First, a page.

An Experimental Tau Inhibitor Could Treat bvFTD, A Rare Form of Dementia


If you think about it, our brains are pretty amazing. It is one of our most complex features and contains tens of billions of neurons which help control the way your body acts. But in neurodegenerative conditions, neurons die. Many times, this is caused by an over-accumulation of a protein called tau. As a result, the brain degenerates and atrophies, inhibiting communication between the brain and body, and causing issues with movement, behavior, and much more. While tau inhibitors are effective treatments for Alzheimer’s disease, researchers also wanted to understand if it could be used to treat a rare form of dementia called behavioral variant frontotemporal dementia (bvFTD). Find the full results of their study in Journal of Alzheimer’s Disease.


Behavioral variant frontotemporal dementia (bvFTD) is a rare form of dementia that occurs before the age of 65. Despite it being rare, it is also the 2nd most common cause of dementia in that age group. Although there is no clear cause, people with bvFTD usually have a buildup of one of three proteins in their brain:

  • Tau
  • Fused-in sarcoma (FUS)
  • TDP-43

Symptoms of bvFTD include:

  • Behavioral Issues: In addition to having trouble controlling behaviors, people with bvFTD may be impulsive, inappropriate, or lack manners. They may also exhibit rule and law-breaking behaviors. Changes in behavior and inhibition may result in touching or acting inappropriately towards strangers, throwing temper tantrums, public urination, or acting out sexually.
  • Changes in Personality: This can include becoming apathetic, self-centered, and socially isolated. Additionally, individuals may become restless, angry, aggressive, violent, or overly sentimental.
  • Overeating and/or only eating specific types of food
  • Reduced sympathy and empathy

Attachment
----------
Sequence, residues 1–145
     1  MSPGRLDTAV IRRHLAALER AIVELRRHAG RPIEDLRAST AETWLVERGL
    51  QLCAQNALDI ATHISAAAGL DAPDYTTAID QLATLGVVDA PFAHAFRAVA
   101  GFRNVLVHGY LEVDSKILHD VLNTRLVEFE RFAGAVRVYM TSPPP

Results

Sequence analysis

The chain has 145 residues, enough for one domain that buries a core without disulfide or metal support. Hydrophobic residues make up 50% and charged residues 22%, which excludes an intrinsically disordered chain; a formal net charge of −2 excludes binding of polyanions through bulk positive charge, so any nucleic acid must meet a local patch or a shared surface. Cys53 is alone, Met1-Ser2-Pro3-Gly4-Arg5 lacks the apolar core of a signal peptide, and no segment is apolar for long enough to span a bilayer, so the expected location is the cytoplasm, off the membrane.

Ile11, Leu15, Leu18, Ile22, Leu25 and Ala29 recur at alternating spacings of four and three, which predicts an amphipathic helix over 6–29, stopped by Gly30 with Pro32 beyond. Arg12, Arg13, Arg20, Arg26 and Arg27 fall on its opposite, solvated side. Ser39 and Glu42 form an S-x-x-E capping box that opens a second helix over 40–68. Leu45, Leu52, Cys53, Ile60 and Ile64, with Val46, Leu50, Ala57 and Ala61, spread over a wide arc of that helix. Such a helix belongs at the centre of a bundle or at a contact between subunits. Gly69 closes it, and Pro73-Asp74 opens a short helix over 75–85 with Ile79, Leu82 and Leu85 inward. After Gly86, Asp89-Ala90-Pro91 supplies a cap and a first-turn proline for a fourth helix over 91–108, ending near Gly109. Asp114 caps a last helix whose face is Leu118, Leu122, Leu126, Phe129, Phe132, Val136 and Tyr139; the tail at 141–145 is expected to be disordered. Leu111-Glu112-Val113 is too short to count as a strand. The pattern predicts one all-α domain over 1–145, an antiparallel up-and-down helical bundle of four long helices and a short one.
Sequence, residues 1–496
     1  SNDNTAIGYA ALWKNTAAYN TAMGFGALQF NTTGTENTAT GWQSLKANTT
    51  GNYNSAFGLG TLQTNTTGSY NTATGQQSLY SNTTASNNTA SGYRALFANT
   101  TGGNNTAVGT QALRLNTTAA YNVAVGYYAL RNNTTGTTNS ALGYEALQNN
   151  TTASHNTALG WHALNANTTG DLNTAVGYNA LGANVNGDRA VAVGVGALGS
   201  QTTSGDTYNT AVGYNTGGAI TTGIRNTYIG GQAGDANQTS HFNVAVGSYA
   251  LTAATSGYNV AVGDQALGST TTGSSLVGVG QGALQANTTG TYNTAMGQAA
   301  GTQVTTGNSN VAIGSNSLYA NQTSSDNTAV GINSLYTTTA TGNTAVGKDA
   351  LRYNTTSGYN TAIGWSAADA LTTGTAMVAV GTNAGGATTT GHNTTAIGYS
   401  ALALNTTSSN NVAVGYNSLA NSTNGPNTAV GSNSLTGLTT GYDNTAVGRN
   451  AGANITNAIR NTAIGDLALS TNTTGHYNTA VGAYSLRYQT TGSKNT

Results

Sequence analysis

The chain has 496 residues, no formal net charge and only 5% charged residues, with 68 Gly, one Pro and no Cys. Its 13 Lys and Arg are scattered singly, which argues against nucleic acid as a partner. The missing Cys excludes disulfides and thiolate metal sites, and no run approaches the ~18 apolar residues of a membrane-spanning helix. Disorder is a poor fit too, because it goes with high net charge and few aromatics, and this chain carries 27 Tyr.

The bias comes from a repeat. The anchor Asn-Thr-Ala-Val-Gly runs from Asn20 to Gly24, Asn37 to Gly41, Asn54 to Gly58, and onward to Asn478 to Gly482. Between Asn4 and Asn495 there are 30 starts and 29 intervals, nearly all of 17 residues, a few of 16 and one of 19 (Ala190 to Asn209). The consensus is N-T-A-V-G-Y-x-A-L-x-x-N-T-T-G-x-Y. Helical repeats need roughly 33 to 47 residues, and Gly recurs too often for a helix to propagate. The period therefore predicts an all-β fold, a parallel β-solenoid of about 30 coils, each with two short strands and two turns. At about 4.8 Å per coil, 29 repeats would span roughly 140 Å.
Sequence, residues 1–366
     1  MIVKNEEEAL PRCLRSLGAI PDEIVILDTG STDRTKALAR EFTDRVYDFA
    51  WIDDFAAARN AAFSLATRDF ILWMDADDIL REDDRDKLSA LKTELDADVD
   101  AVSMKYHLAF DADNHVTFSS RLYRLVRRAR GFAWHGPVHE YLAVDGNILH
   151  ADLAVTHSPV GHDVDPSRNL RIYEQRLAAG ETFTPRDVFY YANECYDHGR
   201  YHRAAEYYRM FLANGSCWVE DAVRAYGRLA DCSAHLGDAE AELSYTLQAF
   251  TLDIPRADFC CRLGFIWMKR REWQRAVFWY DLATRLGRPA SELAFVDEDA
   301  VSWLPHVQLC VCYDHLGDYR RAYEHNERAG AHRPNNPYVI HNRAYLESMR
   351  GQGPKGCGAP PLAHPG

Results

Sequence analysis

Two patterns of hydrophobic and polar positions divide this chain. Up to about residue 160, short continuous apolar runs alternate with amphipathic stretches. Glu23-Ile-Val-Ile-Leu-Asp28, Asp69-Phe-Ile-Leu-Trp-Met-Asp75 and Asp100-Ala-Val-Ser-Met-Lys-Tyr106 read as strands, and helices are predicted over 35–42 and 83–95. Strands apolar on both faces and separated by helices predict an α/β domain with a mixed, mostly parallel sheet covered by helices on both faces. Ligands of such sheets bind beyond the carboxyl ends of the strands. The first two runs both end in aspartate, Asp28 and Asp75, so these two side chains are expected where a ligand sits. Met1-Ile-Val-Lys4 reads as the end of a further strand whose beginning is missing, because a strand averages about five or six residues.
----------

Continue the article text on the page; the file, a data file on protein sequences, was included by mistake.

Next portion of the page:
• Impaired judgment
  • Issues with memory, organization, and planning
  • Delusions
  • Compulsive behaviors such as hoarding, acting out certain movements, or frequent urination
  • Forgetfulness
  • Muscle weakness
  • Problems with speech

Most patients do not notice that their behavior has changed. However, many patients with bvFTD do understand the world around them until later stages of the disease. Learn more about bvFTD.

Utilizing Tau Inhibitors

Developed by TauRx Therapeutics, hydromethylthionine is designed to treat patients with Alzheimer’s disease. The experimental tau inhibitor prevents TDP-43 and tau from building up in the brain.

Researchers ran a Phase III clinical trial which examined 220 patients with bvFTD. Of these, the mean age was 63. 139 patients (63%) were males. During the trial, researchers sought to understand whether 200mg of hydromethylthionine taken daily would be more effective than a “control” dose of 8mg taken daily.

At first, the results showed that there were no differences in efficacy between the 200mg and 8mg doses. However, researchers then ran more tests. They used plasma concentration data from 176 patients (80%) and performed an analysis. As a result, they found that the 200mg doses resulted in higher plasma concentrations than the smaller doses. Ultimately, these were linked to worse patient outcomes.

Based on their findings, researchers believe that 30mg hydromethylthionine taken daily would be an ideal dose to treat bvFTD. Moving forward, TauRx Therapeutics will test whether this is true. Additionally, their next trial will be placebo-controlled to allow for a clearer understanding of hydromethylthionine’s benefits.

Read the original source here.

Jessica Lynn

Jessica Lynn

Jessica Lynn has an educational background in writing and marketing. She firmly believes in the power of writing in amplifying voices, and looks forward to doing so for the rare disease community.

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